Saturday, August 20, 2011

The trouble with "The Help"

I admit it -- I read The Help and enjoyed it, as an entertaining novel. It struck me as a little odd to have a novel about racism with a white person writing the perspective of a black person, but it's not a priori impossible to do it well.

Then, courtesy of the Hathor Legacy, I found an interesting series of reviews that explain a lot of problematic aspects that I hadn't quite put my finger on.

From Rebecca Wanzon:

One of the three narrators, Aibleen, says that she realizes she is more free than the racist character that destroys her livelihood, a claim that encourages readers to feel better about segregation because, in this logic, nobody can take real, psychological freedom from anyone. Freedom is really about how you feel, not about, you know, the law. It makes Jim Crow an inconvenience, not an obstacle.

I read an Amazon review of the novel that told a reader not to worry that they would have to read over 400 pages of depressing oppression. This is true -- "The Help" makes Jim Crow palatable. I don't think this is a good thing.

African American women had voices before Miz Skeeter gave them the idea

From Duchess Harris:

So instead of incorporating a real Black woman’s voice in a novel purported to being about Black domestics, the Skeeter/Stockett character is comfortingly centralized, and I can see why white women relate to her.

Her Black characters lack the credibility reflected in Coming of Age in Mississippi, a 1968 memoir by Anne Moody, an African American woman growing up in rural Mississippi in the 1960s. Moody recalls doing domestic work for white families from the age of nine. Moody’s voice is one of a real Black woman who left her own house and family each morning to cook in another woman’s kitchens.

Sounds really interesting -- maybe I should pick up a copy of that book...


kuri said...

I enjoyed the book a lot too. I rooted for the good guys and hissed the bad guys, basically. (Although the characterization isn't necessarily always as shallow as that makes it sound.)

Writing from the POV of someone very different from you is always a challenge, I suppose, and when a member of an oppressor class is writing about members of an oppressed class, it's especially dicey. But The Help does a reasonably good job of it. (Although I guess the real question is whether it should have been done at all.)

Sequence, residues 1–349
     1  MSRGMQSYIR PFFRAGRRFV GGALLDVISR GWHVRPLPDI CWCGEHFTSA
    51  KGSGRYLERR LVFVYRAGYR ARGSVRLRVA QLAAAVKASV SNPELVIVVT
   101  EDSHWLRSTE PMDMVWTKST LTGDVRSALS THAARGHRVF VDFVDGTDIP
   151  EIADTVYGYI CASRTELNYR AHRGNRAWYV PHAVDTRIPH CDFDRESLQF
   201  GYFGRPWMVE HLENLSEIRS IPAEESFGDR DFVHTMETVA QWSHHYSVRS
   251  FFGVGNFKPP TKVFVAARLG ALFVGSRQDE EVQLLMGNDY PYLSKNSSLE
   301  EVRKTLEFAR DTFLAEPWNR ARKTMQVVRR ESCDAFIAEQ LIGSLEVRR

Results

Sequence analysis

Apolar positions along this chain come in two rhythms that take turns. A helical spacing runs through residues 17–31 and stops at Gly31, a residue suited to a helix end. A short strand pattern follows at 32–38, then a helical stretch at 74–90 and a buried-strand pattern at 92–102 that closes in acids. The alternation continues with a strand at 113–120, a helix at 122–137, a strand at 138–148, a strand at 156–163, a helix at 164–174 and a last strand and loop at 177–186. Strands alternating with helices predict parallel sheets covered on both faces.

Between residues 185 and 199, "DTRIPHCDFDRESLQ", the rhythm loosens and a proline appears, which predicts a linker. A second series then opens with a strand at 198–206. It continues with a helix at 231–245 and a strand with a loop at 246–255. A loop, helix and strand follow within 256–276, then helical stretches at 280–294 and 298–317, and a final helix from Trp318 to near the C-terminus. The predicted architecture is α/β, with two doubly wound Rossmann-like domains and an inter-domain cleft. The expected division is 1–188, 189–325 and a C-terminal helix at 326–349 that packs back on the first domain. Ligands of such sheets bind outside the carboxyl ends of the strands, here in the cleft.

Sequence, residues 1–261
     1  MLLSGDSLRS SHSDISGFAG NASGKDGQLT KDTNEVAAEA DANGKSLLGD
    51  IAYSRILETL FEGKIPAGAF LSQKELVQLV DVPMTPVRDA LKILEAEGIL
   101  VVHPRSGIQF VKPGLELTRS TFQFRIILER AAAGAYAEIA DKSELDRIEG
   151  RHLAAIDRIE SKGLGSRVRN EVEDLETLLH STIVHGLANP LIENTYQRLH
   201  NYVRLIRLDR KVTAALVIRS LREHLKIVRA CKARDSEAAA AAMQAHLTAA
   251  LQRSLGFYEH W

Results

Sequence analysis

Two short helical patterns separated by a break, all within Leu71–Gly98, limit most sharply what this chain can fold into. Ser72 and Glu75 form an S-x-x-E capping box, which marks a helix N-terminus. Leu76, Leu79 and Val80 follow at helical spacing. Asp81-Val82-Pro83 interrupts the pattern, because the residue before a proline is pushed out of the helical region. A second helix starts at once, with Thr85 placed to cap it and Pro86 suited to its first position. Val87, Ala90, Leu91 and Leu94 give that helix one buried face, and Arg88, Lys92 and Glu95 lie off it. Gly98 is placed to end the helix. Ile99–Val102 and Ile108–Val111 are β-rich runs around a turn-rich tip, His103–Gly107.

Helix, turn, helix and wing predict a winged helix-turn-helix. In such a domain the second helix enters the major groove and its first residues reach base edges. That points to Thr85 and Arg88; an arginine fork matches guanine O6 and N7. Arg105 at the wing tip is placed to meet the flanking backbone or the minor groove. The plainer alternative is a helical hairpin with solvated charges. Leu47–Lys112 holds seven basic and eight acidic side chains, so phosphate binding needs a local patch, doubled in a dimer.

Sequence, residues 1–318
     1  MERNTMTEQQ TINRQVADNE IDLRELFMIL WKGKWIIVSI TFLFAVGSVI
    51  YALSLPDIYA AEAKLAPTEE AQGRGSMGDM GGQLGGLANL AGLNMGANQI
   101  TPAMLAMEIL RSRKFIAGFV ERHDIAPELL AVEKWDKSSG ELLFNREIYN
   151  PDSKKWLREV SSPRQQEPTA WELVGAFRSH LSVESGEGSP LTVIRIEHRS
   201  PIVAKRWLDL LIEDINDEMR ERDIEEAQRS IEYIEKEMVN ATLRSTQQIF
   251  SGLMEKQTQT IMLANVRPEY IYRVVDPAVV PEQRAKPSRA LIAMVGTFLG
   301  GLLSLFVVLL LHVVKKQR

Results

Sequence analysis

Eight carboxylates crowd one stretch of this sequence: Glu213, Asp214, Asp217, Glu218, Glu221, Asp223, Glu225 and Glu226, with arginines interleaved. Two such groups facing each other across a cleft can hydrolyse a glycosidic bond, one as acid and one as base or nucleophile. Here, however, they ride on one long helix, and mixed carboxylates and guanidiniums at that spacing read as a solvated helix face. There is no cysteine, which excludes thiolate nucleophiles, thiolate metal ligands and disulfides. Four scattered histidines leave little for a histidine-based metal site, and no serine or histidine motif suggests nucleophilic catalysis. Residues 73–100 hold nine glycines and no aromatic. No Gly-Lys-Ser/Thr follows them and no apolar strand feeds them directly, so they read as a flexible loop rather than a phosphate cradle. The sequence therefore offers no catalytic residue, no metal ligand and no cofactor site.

Anyway, Coming of Age in Mississippi does sound really interesting. I hope my library has a copy.

C. L. Hanson said...

Hey Kuri!!!

Yes, it's definitely an enjoyable story. As far as her portrayal of black characters is concerned, she could have done better, and she could have done worse. The problem comes in when people try to view this as a serious work about racism, when it's really not. But, who knows? Maybe the popularity of this book will inspire curious people to read some books outside their comfort zone.

Donna Banta said...

I go back and forth on The Help too. Yes, it was an enjoyable book, but as you say, not a serious piece on racism.

The movie is out now, and I have some friends who have seen it and loved it, others who felt it sugar coated the civil rights movement. (I've heard numerous complaints that Medgar Evers murder received as much screen time as Skeeter getting ready for her date.) But then most say the acting is excellent. . . Haven't decided if I want to see it yet.

Stephen said...

The review I read made it look as if the interesting story was eclipsed by the author celebrating her moral superiority and self.

Here is a link to a kinder review:

Stephen said...

The alternative viewpoint:

Unknown said...

I've heard both good things and bad things about the movie. everyone says the book is great, tho. Awesomeness


C. L. Hanson said...

Yeah, I'll probably watch it when it comes out on DVD and decide for myself. :)

Derek Brezette said...

Interesting thoughts, most of which I agree with, though I don't think they carry far enough. Here's a link to my thoughts on the text (which happens to share your title...):

C. L. Hanson said...

Hey Derek!!!

Thanks for the link -- excellent analysis!!

I agree. The book argues that discriminatory laws are not a problem; the problem is just the attitudes of those superiors who would act unfairly towards their inferiors. B.S.! If the law allows people to oppress, some will do it. The law should be fair.

BTW -- as mentioned above, I read Anne Moody's memoir "Coming of Age in Mississippi" and wow!!! Just wow. I don't think I can come up with a reasonable, concise paragraph about what it was really like to be a courageous black woman during that time period for real, but read Moody's book.